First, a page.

Our Love

Dan Snaith’s multi-monikered career, not to mention the Ph.D. in mathematics and a Polaris prize for Caribou’s Andorra album along the way, is the type of thing that almost seems like it shouldn’t exist in a time where dreams are deferred and no source of income seems stable enough. Just giving him a gold star for nearly fifteen years steady musical service isn’t the answer, yet news of his first album as Caribou in four years almost caused paroxysms of happiness among fans. It’s a subtler pleasure here though; something that shows where he’s been to some degree but also that he’s never quite what he is ‘supposed’ to be – his music never quite fits into an expected box, but exists in its own space.

And what is that space this time around? Our Love definitely shows elements of his Daphni work from a couple of years ago, where the beats suddenly charge up and everything is much more immediate. Examples of this include the moment where the title track suddenly eases into a taut bass pattern and quick hi-hat/acid pulse that gets more frenetic as it goes, and the simultaneously serene and high-speed flow of ‘Mars’. But this feels more like an anthology of situations and elements shaped by electronics and performance than a soundtrack. For an artist who just started to emerge when Kid A resulted in a flurry of new tags and cliches, suppositions about what introspective electronic music would be like–like it hadn’t already existed in many guises before then–Snaith feels much more like a comfortable older neighbour to the stream of artists this decade, many of them female musicians, often openly questioning gender suppositions, who push for particular extremities. Our Love certainly is not an upending of an avant garde, nor is it immediate/in your face pop punching through stalled structures, instead it’s a quietly pondering, still expressive voice in the head.

Or voices, even though mostly there’s just his own softly treated vocals throughout. But the feeling of the album is that the songs connect almost as ruminations in the middle of an insanely busy club night, thus the more Daphni nodding moments, or recalled after the fact. The music almost feels like trying to recall something that happened and left an impact, like experiences shape perceptions and emotions as expressed in electronic elements and fragments repurposed. All of which sounds a little high-flying, perhaps. But Snaith’s own thoughtfully inspiring approaches over time encourage that kind of a reading. The opening ‘Can’t Do Without You’ is a burst of emotional sentiment that’s simply that lyric delivered in two differing ways throughout the song, letting the slow bass-heavy drone and build that emerges feel alternately majestic and threatening as one might wish. Meanwhile, Jessy Lanza’s lead vocal turn on ‘Second Chance’ almost feels like another protagonist in another story, perhaps in a smaller room next door to the main floor moving through a blissed out but still slightly frayed arrangement.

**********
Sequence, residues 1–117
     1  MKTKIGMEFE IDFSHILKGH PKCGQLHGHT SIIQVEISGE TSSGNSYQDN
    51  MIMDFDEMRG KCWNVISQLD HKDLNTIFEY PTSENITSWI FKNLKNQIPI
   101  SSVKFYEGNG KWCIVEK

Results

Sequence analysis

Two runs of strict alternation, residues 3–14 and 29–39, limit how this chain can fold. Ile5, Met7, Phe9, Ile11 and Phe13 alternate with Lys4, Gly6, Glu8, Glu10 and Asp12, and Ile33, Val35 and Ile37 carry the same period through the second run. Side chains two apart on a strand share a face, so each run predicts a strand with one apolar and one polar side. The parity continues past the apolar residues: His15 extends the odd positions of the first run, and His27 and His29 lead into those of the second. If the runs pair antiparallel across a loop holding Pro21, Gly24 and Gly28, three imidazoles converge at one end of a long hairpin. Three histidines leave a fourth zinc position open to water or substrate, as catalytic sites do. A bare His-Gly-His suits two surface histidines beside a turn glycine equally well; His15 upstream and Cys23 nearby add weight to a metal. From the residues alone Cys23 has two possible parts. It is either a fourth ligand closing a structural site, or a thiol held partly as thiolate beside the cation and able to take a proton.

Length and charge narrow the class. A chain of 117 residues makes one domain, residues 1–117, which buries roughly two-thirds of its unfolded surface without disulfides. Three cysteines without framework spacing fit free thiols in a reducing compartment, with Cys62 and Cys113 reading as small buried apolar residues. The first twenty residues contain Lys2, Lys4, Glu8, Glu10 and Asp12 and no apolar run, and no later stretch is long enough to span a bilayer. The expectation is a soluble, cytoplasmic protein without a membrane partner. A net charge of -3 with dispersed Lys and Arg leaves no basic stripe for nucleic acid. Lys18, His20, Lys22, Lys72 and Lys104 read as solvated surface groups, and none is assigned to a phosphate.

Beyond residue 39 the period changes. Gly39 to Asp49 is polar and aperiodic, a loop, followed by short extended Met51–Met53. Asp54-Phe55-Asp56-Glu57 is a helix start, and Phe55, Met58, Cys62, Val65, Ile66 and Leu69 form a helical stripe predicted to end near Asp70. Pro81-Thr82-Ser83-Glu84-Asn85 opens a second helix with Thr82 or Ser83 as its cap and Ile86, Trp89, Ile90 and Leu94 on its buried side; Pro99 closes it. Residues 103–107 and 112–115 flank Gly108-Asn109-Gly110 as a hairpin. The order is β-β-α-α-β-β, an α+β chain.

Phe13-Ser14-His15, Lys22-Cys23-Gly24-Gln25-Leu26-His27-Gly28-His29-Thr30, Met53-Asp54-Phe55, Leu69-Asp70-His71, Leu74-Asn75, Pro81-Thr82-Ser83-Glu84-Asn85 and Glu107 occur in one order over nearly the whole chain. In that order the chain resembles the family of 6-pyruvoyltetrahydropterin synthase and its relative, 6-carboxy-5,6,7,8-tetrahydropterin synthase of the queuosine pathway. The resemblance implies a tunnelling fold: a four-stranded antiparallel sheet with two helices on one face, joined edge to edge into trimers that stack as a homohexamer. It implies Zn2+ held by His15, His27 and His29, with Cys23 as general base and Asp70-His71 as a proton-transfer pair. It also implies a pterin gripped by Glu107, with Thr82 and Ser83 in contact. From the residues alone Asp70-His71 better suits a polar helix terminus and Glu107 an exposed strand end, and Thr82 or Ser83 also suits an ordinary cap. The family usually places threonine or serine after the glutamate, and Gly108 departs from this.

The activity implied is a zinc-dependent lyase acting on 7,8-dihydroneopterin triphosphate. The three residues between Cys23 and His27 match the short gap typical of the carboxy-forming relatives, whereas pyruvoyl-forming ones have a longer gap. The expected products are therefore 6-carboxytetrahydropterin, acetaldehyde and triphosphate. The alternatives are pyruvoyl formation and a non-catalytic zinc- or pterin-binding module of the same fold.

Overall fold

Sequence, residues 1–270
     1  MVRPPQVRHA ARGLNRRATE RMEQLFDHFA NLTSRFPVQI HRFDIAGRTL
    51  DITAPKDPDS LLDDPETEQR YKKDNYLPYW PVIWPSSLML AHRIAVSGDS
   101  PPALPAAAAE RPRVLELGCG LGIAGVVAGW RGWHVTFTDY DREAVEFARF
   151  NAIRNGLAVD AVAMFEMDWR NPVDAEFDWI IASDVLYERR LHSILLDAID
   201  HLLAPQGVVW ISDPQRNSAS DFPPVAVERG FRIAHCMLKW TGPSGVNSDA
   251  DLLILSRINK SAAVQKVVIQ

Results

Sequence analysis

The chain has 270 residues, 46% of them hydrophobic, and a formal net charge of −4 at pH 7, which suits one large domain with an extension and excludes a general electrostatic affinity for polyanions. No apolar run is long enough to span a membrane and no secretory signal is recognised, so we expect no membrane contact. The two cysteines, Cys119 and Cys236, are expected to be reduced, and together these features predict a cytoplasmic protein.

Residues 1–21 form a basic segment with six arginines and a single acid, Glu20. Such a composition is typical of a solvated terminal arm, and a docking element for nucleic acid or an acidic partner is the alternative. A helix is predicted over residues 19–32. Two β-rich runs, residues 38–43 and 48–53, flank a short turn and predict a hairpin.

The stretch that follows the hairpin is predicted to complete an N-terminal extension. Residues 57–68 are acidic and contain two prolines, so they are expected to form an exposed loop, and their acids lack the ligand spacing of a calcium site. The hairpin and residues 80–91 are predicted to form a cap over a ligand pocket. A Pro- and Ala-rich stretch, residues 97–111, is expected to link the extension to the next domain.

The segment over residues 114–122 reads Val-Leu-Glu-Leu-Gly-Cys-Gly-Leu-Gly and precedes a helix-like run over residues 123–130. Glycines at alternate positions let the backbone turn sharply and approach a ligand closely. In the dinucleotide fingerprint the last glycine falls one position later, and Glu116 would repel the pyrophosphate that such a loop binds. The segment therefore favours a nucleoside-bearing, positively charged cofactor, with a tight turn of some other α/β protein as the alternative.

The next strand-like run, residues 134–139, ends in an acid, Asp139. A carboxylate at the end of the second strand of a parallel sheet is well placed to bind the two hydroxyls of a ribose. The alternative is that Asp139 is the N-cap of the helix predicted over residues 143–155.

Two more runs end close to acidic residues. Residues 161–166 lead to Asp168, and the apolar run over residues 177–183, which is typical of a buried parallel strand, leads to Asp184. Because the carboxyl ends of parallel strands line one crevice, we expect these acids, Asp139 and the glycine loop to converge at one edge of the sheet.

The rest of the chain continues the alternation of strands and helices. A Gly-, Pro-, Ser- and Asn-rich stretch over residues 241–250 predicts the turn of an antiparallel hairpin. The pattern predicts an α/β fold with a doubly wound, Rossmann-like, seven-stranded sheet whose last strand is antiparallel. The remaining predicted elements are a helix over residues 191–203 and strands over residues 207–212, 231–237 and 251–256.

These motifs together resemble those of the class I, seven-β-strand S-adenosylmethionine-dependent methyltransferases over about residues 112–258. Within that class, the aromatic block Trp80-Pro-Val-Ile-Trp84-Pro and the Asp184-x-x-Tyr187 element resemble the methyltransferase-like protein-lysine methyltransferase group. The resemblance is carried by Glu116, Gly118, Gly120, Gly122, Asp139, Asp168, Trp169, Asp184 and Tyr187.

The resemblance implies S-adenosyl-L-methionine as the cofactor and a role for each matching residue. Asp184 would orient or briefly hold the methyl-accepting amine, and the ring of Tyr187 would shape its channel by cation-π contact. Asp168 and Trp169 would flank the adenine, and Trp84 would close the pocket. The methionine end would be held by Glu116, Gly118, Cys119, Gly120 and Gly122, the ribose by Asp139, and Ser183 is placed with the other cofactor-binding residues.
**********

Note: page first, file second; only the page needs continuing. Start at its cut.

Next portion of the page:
There’s also something that feels like an unconscious response rather than a deliberate one to efforts like Random Access Memories, only instead of trying to evoke some sort of lost LA studio paradise of ‘real’ disco, it’s more like the stirring sequencers of an all electronic approach from the time reemerge in new ways here, whether it’s the sweet turn and progression of ‘Silver’ or the sudden bursts and fanfares on the title track or the surge of power evident on the penultimate track ‘Back Home’, especially when the arrangement moves into an absolutely beautiful break. Add in some further touches from past collaborator Owen Pallett throughout to make everything even more engaging, and Our Love isn’t an explosion of delight so much as it is an affirmation of the moment, in many different forms.

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